A Lesson in Defense Contracting
Suppose you're an executive for a defense contractor. Your pet project was slashed by the Pentagon for current fiscal year; it took Congressional intervention to re-instate the funds, and your budgetary prospects for 2008 look rather bleak. How do you restore that essential funding flow?
Well, you might try the approach of Lockheed-Martin executive David Kier, who was on Capitol Hill Monday, providing a briefing for key Congressional aides. Mr. Kier, a former Deputy Director of the National Reconnaissance Office (NRO) is lobbying for a system that could protect portions of the east coast from sea-based, cruise missile attacks.
The Lockheed-Martin program uses high-altitude airships as sensor platforms, to detect cruise missiles that might be launched from cargo ships approaching the eastern seaboard. Once identified, the inbound missiles would be destroyed by other assets, such as Air Force fighters with AMRAAM missiles, or Standard SAMs from Navy surface Total value of the system, which could also protect against short-range ballistic missiles, is estimated at $10 billion.
In his briefing, Mr. Kier said the technology for such a system already exists, "It just requires a will to do it." According to Reuters, Kier told the Congressional aides that the system could be deployed in 14 months, at a cost of "several" billion dollars.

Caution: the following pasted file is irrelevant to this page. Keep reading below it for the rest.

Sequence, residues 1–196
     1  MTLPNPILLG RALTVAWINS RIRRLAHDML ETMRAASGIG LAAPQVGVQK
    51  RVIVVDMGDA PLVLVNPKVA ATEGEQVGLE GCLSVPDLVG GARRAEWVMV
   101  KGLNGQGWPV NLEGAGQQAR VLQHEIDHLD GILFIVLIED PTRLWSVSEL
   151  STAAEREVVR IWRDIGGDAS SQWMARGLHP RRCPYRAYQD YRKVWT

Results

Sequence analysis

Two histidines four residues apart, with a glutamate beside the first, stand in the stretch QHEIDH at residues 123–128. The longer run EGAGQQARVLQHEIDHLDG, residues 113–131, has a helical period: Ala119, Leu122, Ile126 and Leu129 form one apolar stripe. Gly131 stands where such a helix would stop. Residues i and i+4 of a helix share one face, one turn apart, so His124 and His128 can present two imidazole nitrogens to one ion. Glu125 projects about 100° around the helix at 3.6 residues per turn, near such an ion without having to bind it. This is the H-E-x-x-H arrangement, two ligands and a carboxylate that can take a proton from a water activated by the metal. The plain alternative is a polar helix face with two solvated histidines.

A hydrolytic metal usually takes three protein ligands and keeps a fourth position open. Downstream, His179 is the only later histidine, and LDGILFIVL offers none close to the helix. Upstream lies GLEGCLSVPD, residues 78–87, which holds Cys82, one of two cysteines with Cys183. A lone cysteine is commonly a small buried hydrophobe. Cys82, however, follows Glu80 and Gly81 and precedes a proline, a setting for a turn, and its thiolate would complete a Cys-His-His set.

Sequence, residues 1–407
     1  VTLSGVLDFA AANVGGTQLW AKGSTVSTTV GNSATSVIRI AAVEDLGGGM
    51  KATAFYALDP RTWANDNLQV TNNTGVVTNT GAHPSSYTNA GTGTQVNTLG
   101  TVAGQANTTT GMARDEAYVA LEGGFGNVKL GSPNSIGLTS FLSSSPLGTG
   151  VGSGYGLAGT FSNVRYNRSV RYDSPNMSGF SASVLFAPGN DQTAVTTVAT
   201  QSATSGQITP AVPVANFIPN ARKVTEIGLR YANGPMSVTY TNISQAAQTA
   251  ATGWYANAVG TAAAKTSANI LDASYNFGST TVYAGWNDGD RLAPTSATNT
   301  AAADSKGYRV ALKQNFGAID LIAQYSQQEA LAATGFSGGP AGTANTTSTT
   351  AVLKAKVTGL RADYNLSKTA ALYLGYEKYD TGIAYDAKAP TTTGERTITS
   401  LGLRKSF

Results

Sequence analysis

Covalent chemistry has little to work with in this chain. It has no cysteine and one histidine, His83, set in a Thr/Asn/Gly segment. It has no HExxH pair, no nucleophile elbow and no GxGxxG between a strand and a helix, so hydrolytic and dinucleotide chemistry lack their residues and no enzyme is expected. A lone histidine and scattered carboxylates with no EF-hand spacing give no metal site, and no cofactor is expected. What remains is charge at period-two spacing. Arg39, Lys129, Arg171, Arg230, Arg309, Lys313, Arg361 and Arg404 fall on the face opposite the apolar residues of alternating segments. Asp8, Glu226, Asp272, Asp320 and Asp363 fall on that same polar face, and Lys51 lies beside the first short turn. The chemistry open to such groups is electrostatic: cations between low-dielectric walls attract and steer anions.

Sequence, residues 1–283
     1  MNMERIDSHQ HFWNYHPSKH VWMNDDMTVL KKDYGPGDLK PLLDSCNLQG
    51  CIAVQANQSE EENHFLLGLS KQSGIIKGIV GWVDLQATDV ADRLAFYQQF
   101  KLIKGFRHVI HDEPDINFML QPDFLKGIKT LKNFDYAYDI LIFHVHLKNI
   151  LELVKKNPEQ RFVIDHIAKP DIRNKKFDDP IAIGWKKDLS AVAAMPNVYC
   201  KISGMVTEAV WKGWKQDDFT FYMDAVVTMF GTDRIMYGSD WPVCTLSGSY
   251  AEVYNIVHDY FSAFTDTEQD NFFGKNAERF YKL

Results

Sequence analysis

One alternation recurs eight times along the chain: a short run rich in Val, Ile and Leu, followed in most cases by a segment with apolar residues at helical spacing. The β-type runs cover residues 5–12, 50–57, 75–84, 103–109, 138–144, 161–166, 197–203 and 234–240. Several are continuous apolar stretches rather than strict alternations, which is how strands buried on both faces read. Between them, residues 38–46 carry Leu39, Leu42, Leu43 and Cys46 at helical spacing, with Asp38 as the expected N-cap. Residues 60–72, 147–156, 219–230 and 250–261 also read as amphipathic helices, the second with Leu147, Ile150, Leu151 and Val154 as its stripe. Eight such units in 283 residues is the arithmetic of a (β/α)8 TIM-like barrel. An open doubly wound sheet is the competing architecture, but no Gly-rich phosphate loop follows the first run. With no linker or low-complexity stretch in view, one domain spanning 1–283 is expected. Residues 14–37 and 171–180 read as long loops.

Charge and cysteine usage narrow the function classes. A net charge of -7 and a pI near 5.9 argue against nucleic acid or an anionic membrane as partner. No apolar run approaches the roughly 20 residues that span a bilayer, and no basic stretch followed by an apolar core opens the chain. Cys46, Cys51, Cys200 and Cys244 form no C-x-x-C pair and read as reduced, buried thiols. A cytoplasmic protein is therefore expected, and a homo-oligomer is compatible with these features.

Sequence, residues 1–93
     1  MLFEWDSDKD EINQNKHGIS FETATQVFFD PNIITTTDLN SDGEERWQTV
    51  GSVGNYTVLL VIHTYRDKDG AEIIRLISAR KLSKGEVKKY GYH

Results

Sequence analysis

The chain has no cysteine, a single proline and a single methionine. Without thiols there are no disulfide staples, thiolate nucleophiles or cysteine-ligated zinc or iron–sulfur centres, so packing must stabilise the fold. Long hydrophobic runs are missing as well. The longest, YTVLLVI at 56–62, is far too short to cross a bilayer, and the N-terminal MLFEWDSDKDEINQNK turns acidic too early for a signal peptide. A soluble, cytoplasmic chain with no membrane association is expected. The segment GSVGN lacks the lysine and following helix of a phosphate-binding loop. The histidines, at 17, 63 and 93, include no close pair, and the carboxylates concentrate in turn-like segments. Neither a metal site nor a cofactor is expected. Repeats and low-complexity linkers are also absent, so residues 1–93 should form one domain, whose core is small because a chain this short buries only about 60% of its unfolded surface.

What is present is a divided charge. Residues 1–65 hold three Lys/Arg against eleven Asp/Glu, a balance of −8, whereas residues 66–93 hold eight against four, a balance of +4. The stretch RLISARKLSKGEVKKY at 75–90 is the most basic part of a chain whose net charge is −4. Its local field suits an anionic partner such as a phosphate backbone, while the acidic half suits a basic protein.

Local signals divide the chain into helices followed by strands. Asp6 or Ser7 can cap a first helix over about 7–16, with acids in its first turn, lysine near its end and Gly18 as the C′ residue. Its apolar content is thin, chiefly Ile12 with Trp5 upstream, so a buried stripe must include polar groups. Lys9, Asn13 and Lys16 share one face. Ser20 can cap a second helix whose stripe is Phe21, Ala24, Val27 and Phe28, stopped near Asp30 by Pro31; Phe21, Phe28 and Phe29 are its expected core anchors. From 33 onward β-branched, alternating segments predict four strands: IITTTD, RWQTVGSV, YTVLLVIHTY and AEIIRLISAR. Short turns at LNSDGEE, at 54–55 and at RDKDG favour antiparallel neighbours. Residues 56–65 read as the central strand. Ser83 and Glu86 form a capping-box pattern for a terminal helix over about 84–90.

Kier's concerns were echoed by Jeff Kueter, President of the George C. Marshall Institute in Washington. In a separate briefing, Mr. Kueter noted the wide availability of cruise missiles; 20 countries can produce them, and thousands are available on the global arms market. He said that cruise missiles are becoming the "weapon of choice" for potential state competitors and terrorist groups. Small enough to fit inside a shipping container, a cruise missile could be launched with minimal warning, and reach coastal targets--including major cities--within 10 minutes.
The tag-team efforts of Messrs Kier and Kueter represent the classic "problem and solution" approach typically found during Congressional testimony, or in policy formulation sessions inside the Beltway. Have an "expert" define the threat, then let a contractor or consultant ride to the rescue, by offering the technology answer--available now, and at an affordable price!